A short history of Newstead Colliery
1874 – 1987 from birth to closure
By Bob Collier
Newstead Colliery’s history began in 1874 when two 13 ft diameter shafts were sunk by the Newstead Colliery Company, close to Newstead Abbey, once the home of Lord Byron.
The ‘old village’ was built in 1875 to house miners and their families and a year later the first coal was produced.
Workshops and stores were built in 1880 and in the 1890s electricity was generated to light the pit bottom and around the pithead and screens.
In 1923 the Colliery Welfare Club was built.
A year later the ‘new village’ was completed providing accommodation for 1,200 men. The village church was added in 1928. Pithead baths were added in 1935 – designed to cater for 1,680 men and a canteen and medical centre were provided seven years later.
The Colliery had favourable geological conditions and production grew steadily, even during the 1930s and the Depression. Between the two World Wars production remained high.
In 1939 the Sheepbridge Company became the new owners.
1 million Tons
At nationalisation, Newstead had an annual output of 476,000 tonnes which was produced by 1,300 men, at an output per manshift of 1.47 tonnes.
Newstead benefitted from the development of new mining techniques. In 1957, at the age of 84 years, the pit was first recorded as topping national productivity averages. Two years later the 1,280 Newstead men produced more than a million tons of coal in a year for the first time ever – an achievement repeated a further 15 times up to 1976.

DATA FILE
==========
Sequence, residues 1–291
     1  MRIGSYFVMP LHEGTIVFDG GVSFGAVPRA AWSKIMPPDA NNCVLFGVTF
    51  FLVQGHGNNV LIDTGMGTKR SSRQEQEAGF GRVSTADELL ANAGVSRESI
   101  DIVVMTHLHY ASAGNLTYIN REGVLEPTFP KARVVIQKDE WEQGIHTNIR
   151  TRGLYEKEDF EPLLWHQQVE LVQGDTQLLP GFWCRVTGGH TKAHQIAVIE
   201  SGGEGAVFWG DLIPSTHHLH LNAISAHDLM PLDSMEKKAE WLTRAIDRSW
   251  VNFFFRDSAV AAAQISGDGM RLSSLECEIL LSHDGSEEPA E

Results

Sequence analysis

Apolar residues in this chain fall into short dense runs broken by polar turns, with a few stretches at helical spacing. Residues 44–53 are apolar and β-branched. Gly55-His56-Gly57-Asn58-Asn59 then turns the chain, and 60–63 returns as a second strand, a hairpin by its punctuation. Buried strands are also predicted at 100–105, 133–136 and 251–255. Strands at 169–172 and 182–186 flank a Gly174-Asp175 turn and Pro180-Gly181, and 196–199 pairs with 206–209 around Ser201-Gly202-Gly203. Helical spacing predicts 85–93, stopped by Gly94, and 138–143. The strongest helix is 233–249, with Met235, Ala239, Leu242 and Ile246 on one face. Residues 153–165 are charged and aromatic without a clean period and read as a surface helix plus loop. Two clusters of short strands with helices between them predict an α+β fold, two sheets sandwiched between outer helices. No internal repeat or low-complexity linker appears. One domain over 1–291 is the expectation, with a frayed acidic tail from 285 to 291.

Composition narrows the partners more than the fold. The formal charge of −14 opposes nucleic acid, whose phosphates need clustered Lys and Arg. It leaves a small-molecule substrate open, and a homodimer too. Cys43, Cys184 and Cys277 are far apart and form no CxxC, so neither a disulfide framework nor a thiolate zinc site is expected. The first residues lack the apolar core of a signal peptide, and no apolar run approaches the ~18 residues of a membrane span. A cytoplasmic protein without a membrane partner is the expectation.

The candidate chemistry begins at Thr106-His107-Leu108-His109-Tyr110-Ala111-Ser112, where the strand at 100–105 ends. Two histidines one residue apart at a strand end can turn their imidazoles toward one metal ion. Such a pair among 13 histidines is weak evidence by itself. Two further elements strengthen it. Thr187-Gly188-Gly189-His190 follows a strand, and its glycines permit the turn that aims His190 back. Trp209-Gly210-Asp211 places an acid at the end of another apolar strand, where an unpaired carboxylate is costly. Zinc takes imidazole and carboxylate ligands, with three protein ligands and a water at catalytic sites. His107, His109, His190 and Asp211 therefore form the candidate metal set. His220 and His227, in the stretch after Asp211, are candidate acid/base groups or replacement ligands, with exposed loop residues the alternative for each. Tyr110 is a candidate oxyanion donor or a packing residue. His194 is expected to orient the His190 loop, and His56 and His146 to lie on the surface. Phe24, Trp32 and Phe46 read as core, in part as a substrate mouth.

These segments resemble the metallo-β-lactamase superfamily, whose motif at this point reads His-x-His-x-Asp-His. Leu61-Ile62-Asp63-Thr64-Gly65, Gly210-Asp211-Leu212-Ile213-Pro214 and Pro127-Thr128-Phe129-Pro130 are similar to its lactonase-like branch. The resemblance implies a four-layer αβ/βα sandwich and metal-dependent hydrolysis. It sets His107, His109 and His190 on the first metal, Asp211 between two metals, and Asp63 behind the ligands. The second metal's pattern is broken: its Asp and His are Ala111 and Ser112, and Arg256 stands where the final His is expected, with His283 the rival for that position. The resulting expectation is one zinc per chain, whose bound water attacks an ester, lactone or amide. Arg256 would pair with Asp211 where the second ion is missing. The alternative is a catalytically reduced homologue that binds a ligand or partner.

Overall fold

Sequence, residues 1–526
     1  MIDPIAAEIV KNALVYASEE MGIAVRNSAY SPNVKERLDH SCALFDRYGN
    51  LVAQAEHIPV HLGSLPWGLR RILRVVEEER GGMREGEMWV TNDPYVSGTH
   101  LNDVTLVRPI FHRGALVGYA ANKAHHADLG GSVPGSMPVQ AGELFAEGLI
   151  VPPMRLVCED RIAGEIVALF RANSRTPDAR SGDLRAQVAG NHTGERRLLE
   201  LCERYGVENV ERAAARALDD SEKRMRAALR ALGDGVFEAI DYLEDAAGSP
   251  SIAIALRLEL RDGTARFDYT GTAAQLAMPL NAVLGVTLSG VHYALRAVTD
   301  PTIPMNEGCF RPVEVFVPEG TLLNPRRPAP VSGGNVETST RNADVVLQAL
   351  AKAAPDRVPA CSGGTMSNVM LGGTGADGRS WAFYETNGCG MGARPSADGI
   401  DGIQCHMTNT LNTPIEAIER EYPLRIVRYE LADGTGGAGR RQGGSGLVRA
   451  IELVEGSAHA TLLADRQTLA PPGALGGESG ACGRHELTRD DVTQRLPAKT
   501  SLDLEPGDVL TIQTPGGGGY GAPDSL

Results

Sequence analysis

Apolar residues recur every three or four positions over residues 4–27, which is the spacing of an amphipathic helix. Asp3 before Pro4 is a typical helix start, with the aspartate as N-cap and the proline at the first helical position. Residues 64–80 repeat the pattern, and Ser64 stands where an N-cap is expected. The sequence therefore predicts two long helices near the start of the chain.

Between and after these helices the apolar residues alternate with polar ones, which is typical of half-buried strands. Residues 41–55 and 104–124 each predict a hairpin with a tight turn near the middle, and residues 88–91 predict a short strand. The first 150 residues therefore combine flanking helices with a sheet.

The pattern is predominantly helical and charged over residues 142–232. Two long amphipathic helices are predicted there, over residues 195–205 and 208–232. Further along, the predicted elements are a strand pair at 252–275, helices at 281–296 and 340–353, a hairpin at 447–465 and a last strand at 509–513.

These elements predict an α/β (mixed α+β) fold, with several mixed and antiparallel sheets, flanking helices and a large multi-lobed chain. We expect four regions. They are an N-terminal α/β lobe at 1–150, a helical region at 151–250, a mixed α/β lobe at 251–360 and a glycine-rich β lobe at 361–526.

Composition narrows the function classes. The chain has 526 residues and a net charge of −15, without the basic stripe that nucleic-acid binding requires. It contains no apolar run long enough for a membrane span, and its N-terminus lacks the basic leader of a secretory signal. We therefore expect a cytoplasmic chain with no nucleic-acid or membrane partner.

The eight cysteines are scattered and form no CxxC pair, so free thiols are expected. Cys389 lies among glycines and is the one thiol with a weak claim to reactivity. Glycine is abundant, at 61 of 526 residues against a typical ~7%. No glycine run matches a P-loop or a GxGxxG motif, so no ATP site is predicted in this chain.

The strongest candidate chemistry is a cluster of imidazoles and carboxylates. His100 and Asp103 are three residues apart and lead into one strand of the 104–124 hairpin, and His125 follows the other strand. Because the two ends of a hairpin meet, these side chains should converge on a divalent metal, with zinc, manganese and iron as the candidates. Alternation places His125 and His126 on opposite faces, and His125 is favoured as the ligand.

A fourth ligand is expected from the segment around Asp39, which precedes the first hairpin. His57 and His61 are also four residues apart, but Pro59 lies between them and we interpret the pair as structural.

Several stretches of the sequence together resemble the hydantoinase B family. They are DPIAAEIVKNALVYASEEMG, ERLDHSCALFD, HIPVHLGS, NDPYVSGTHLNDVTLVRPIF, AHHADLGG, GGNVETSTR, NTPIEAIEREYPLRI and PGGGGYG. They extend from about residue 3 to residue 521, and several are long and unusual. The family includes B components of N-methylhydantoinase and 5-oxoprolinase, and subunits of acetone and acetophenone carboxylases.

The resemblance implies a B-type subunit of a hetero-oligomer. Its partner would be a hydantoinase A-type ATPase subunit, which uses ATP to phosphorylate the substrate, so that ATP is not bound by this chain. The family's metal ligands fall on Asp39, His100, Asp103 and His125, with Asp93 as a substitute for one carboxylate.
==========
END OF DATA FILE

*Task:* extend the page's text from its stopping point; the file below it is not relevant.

However, geological conditions worsened and in 1986 the Tupton seam was abandoned due to severe problems on faces and roadways.
When the mine closed in March 1987, all coal production came from two faces in the High Hazels seam.
Last Coaling Shift – Back left to right – A Teece, G Wallace, R Skuse, R Collier, P Whitehead, C Staff, K Nuttall, AN Other, J Cumberland. Front left to right – R Meadows, AN Other, K Stapleton, K Stanley
The Colliery was finally closed on March 19th, 1987, following a ballot of UDM members. Only the ballot of the members of the Union of Democractic Miners were accepted by British Coal. The UDM had voted 137 to 111 to close the colliery. It was a small majority of 26 men that closed Newstead Colliery. NACODS*, and NUM COSA** voted by a small majority to keep the colliery open. Newstead branch of the NUM, in a secret ballot, voted 66 to 6 to keep Newstead open. If all ballots had been accepted by British Coal the Colliery would not have closed at that time.
* NACODS – National Association of Colliery Overmen, Deputies and Shotfirers.
**NUM COSA – National Union of Mineworkers Colliery Office Staff Association